The above photograph harkens back to 1912 when the Russian authorities ruling Poland at the time erected the Eastern Orthodox Alexander Nevski Cathedral in Piłsudski Square, Warsaw. Seeing it as a glaring symbol of Russia’s power and beliefs, the Polish government destroyed the cathedral in the early 1920s, a few years after Poland regained independence. In 2010, Daniela Kostova, a Bulgarian-born artist living in New York, constructed an image of the church, displaying the massive picture on its original site. She presented a photograph of her re-creation in an exhibition in the basement of a grand old hotel on Piłsudski Square, not far from where the church once stood.
The second photograph, created by Eastern Exterminating, a South Florida pest extermination company, depicts the company’s fumigation in Germany of a 400-year-old church, which was infested with termites. The company was brought in because of its ability to create tents over complex structures to more effectively eliminate pests.
Both photographs tell a story about Eastern exterminating.
They both reference acts of purging but they present very different ways of eliminating unwanted elements. In the unmerciful eyes of the eponymous Józef Piłsudski, leader of the newly independent Poles in the early twentieth century, the beliefs that the Russians carried with them when they built the cathedral were inseparable from the architecture. The onion domes and ornamentation organically expressed its invasive quality and the building was destroyed because fumigation was not seen as a viable option. By contrast, the Eastern Exterminating company of South Florida was able to effectively eliminate the pests and save the building from destruction.
But the photographs tell more than stories of destruction.
Kostova’s reconstructed image of the Nevski Cathedral is striking for its scale and its grandeur, which is emphasized by contrast to the lithe figure of the artist herself in the middle ground of the photograph. The size of the image suggests an impressive dedication of resources for the sake of a symbolic act. At the scale of the plaza itself, once the seat of Poland’s royal authority, the image on the scaffold has the magnitude to enter the public imagination. To the Warsovians who know the story of the building’s demolition, the image is a giant specter saying, “You tried to destroy me when I was only a few years old and now I’ve returned to haunt you.“
But the photograph is a fiction. There was never any scaffolding on the plaza. No massive fabric print of the cathedral was ever made. Kostova collaged the plaza, scaffolding, and the giant picture of the cathedral in Adobe Photoshop. To make it even more believable, she created a video falsely documenting pedestrians and bicyclists going about their business in front of the colossal image.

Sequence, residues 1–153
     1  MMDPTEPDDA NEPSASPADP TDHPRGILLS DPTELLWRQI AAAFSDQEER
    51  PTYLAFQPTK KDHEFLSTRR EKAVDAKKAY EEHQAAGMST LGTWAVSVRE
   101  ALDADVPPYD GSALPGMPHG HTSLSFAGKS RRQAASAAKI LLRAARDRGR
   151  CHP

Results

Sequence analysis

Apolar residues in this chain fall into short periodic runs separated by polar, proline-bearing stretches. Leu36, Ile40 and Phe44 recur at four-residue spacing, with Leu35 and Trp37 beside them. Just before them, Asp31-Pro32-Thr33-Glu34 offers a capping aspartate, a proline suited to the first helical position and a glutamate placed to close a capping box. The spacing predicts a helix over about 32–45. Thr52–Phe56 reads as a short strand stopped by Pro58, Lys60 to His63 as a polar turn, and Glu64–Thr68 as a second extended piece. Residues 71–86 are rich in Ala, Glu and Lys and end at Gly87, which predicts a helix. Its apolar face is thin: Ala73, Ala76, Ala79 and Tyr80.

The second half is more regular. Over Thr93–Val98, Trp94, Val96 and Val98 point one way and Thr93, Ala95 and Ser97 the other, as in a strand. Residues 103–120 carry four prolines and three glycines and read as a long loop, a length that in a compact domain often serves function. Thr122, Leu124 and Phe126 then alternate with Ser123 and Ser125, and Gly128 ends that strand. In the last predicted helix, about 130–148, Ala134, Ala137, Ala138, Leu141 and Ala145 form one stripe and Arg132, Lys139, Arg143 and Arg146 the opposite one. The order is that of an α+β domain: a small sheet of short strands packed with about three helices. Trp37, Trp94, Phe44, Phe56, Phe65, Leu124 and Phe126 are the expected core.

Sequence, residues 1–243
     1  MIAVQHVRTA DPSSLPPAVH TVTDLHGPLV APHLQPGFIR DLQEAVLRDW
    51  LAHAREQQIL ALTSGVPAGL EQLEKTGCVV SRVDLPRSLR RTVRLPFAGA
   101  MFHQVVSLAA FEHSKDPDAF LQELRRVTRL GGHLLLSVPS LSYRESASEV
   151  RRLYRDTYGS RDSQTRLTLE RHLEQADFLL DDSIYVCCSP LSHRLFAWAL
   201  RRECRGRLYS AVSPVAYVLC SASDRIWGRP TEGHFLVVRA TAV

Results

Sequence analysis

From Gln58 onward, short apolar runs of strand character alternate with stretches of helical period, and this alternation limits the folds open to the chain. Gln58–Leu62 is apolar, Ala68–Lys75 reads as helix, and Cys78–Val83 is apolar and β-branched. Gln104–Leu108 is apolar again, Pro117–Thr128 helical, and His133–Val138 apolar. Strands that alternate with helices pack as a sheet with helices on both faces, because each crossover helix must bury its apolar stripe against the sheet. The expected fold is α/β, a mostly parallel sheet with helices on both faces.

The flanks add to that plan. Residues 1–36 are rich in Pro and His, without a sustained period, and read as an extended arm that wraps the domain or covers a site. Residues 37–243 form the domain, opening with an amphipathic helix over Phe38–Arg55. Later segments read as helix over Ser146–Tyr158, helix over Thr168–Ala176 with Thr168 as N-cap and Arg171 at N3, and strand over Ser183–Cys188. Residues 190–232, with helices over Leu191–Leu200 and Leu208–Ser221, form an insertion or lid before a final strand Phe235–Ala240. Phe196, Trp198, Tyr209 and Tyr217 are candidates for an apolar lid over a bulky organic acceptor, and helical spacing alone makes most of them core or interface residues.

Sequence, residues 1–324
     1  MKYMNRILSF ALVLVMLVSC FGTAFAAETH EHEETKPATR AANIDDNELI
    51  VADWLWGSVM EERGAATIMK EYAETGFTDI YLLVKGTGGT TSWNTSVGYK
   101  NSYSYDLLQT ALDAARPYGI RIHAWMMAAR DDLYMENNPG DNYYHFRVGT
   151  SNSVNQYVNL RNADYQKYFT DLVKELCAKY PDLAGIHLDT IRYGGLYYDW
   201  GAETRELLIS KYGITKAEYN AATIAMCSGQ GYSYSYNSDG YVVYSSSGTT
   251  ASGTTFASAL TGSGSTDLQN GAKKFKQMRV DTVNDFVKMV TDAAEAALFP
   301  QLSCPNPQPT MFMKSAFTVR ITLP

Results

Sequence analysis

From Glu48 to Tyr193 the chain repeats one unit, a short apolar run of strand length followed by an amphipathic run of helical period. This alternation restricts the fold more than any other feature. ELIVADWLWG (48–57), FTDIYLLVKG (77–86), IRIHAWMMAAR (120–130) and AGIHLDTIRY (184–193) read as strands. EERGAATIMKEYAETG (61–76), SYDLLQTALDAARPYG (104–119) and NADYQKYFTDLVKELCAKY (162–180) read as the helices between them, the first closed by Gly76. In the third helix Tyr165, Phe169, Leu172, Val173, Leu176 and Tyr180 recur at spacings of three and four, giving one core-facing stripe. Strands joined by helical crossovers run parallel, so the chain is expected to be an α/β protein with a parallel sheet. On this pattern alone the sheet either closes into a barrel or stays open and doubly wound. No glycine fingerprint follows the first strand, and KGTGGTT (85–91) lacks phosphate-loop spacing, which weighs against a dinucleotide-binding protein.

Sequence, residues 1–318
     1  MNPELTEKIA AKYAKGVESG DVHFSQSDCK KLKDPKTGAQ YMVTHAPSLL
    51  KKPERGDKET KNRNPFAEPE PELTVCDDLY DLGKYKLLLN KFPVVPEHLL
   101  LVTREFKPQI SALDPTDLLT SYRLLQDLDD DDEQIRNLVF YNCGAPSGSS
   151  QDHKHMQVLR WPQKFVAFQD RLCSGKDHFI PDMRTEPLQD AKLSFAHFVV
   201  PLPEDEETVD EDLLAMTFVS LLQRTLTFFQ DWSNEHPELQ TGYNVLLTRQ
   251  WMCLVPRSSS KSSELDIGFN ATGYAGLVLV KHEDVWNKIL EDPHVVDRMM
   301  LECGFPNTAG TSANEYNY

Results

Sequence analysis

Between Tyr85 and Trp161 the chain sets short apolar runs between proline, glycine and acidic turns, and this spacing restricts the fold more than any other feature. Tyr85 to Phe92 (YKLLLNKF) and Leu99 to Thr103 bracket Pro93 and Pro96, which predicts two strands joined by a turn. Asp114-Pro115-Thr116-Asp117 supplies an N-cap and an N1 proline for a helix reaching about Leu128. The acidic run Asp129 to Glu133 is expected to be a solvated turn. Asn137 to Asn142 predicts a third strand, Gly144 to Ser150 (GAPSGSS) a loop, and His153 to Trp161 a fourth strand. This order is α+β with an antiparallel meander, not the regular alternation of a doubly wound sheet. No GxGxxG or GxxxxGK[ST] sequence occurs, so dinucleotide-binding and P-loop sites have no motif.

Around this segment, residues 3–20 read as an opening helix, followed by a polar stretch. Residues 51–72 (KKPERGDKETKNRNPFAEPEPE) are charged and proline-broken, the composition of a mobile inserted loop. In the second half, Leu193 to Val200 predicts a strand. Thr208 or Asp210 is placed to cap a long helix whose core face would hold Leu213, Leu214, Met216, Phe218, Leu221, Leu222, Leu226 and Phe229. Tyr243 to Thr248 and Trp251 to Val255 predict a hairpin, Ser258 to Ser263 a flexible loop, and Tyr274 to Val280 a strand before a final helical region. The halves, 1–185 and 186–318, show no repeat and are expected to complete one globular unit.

The fictional quality of Kostova’s exhibition was weirdly appropriate for its venue, the Europejski Hotel. Warsaw’s oldest hotel, renovated during the communist era, Europejski advertises itself as “John Le Carre with a dash of 2001 Space Odyssey,” and a lobby that is “straight out of Dr. Strangelove.” With fantastic irony, the hotel framed its surreal combination of regal ornamentation and space-age design as an artful experience.
In this context, Kostova was able to enact her own play of the imagination. Obscured by a cloud of fiction, her exhibition was not just about the reappearance of beliefs thought to have been eradicated. Rather, it was about the way that images make apparent and transport ideas. The picture of the Nevski Cathedral appeared in the basement at human scale, instead of being seen in monumental form in the broad light of day. It appeared, not as a spectacle, but as a powerful image. It’s enormous scale was manifest in the imagination, not in the physical world.
When Warsovians saw the photograph in the exhibition, they were unsettled. Their response was something like: “Could I really have missed such a scandal? The Catholic Church would have been outraged and the public would have been thrown into a tizzy by this reminder of Russian influence. Surely, this would have been a national event.” More of an underground force than a media event, some visitors appreciated the artistic gesture of the exhibition. Others were rattled by it.
By disorienting her audience, Kostova made the photograph appear as a photograph, not just as the document of an event, pointing out the power of images to carry ideas. In other words, she demonstrated the image-quality of ideas. As a way of reading history, her project served as a reminder that the 1912 cathedral was destroyed because of its image-quality, an unalterable picture of Eastern Orthodoxy and symbol of Russian influence. Unlike the digital image, this was a picture that could not be doctored because it was inseparable from the stone mass. Kostova’s project revealed how, removed from the light of day, the image of the cathedral maintained its vitality over the course of a century.